In the last month, several reports have been coming out of Guantanamo Bay. The 9/11 trials, set to be the biggest trials in modern history, have occupied a selective number of mainstream media and yet, this has not captivated readers as much two recent reports. The first is that Majid Khan, one of the high-value detainees placed in a highly securitised section of the prison, allegedly has a pet cat as stated by another high-value detainee, Rahim al-Afghani in a letter to his lawyer. The second report that has gained widespread attention is that the detainee’s favourite TV show is The Fresh Prince of Bel Air, which has now reportedly overtaken Harry Potter books in its popularity, if we’re to believe the US administration. The questions many people are asking however is why firstly are readers so intrigued by these stories particularly the latter, and secondly, why are these stories the only snapshots we get from life in Guantanamo?
The prisoners in Guantanamo have been considered as ‘faceless’, known only by their orange jumpsuits and prison shackles. Gradually, pictures of the prisoners with their long beards began emerging on the internet but rather than add a human touch to their Internment Serial Numbers (ISN), many in the public began conceiving ideas of what and who constituted intimidating, and unsurprisingly, the fingers pointed towards the Muslim man. One positive impact these stories have is simply just how human these men really are. When Guantanamo opened in 2002, these men were considered to be the most dangerous men on the planet, devoid of any human emotion or logic, with the primary aim of exterminating the values and freedoms of the West. To this day, there a number of people who still believe this to be true despite the fact that almost all of the prisoners released were never charged with a crime. The process of dehumanisation was instantaneous in GTMO, occurring as soon as the first prisoners (or detainees as the US still refers to them as) stepped off the plane. In fact, this process had began the moment these men had been taken into US custody – whether in Pakistan, Afghanistan or the numerous countries from where many of them were transferred under the extraordinary rendition program.. From the ISN replacing their names to the drugging and the interrogations resulting in some prisoners having to defecate on themselves, dehumanisation was rampant and vital in order to detach any human emotion or sense of care toward them. The process of humanisation therefore, was going to be a long and arduous battle as ultimately, the minds and hearts of millions had automatically tuned to one thing. What these stories show is that just like us these men watch TV and enjoy programs many of us have come across growing up and if true, a softer side of Majid Khan is shown through the possession of a cat. The stories also attempt to eradicate this picture created by neo-imperialists and Orientalists that those detained are backwards, Western-loathing men who are stuck in their pre-historic eras.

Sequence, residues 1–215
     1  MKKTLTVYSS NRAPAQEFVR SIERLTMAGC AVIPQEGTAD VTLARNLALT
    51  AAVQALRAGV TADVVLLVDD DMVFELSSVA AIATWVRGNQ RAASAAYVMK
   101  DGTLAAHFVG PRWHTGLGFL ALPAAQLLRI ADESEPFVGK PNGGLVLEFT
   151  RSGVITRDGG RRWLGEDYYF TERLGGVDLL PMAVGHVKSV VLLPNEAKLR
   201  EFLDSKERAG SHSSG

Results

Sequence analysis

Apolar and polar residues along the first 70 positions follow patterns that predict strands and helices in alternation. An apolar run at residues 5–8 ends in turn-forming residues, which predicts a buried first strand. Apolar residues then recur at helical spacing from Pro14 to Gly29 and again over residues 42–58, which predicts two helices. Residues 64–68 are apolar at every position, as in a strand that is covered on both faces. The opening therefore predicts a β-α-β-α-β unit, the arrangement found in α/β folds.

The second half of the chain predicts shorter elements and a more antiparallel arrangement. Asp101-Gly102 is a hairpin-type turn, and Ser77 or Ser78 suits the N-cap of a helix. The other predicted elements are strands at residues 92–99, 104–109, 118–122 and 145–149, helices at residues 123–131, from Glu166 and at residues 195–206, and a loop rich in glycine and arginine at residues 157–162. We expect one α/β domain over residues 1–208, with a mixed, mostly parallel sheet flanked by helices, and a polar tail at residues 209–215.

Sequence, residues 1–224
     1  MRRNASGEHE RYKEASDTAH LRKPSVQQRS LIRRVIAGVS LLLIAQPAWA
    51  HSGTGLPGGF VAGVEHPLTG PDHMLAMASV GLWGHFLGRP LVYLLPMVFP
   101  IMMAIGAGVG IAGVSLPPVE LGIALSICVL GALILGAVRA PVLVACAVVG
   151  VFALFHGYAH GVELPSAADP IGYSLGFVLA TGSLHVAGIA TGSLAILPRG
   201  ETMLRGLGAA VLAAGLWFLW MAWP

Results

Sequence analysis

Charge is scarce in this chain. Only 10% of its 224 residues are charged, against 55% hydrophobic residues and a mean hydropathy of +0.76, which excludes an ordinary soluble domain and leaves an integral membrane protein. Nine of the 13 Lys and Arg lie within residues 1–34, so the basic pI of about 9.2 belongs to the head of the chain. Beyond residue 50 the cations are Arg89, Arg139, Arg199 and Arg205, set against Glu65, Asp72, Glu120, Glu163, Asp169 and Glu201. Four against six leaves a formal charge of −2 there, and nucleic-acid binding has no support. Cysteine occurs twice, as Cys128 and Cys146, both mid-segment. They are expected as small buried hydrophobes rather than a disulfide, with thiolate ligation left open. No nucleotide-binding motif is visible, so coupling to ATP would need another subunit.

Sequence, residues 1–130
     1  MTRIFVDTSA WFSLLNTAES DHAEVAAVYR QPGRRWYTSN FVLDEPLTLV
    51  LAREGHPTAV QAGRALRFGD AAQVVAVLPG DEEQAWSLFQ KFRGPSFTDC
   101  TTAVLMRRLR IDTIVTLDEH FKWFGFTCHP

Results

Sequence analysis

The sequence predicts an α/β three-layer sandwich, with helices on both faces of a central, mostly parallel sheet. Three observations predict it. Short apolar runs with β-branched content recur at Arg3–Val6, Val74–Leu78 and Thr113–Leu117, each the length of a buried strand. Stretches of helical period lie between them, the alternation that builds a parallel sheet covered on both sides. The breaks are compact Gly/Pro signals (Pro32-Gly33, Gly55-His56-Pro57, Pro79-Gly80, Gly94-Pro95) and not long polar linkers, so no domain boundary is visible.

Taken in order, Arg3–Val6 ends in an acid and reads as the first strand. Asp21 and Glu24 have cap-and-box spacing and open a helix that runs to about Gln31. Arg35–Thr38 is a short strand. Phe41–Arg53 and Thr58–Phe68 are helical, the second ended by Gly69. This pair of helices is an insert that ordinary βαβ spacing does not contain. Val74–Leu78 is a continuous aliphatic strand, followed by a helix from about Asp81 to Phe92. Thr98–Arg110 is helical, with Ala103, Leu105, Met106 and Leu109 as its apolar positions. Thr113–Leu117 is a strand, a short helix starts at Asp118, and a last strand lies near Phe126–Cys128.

What these stories also do however is paint a rosy picture of Guantanamo Bay in an attempt to distract us from the stark reality. We forget that 168 men are still illegally detained, without charge or trial, many of whom were cleared for release several years ago and yet are left incarcerated with no end in sight. We forget that some prisoners are still hunger striking in an attempt to fight for their rights and to make their pleas heard. Guantanamo has become home to many of these men but a home I am sure they would much rather be without. Watching The Fresh Prince or reading Harry Potter endlessly is a distraction for themselves as well, to help them forget their dire conditions. The sad irony of this situation is that these men, whilst behind bars, are sitting and watching a comedy about a young African-American boy who moves to Bel Air to live with his rich uncle, a judge who acts as a representative of the US justice system.